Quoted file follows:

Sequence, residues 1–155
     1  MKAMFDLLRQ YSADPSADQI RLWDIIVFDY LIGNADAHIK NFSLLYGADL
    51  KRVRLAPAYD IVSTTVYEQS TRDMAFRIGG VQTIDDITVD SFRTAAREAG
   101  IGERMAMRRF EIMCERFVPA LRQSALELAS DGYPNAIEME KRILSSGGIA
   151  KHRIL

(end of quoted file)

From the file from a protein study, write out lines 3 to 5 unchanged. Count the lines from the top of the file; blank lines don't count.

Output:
    51  KRVRLAPAYD IVSTTVYEQS TRDMAFRIGG VQTIDDITVD SFRTAAREAG
   101  IGERMAMRRF EIMCERFVPA LRQSALELAS DGYPNAIEME KRILSSGGIA
   151  KHRIL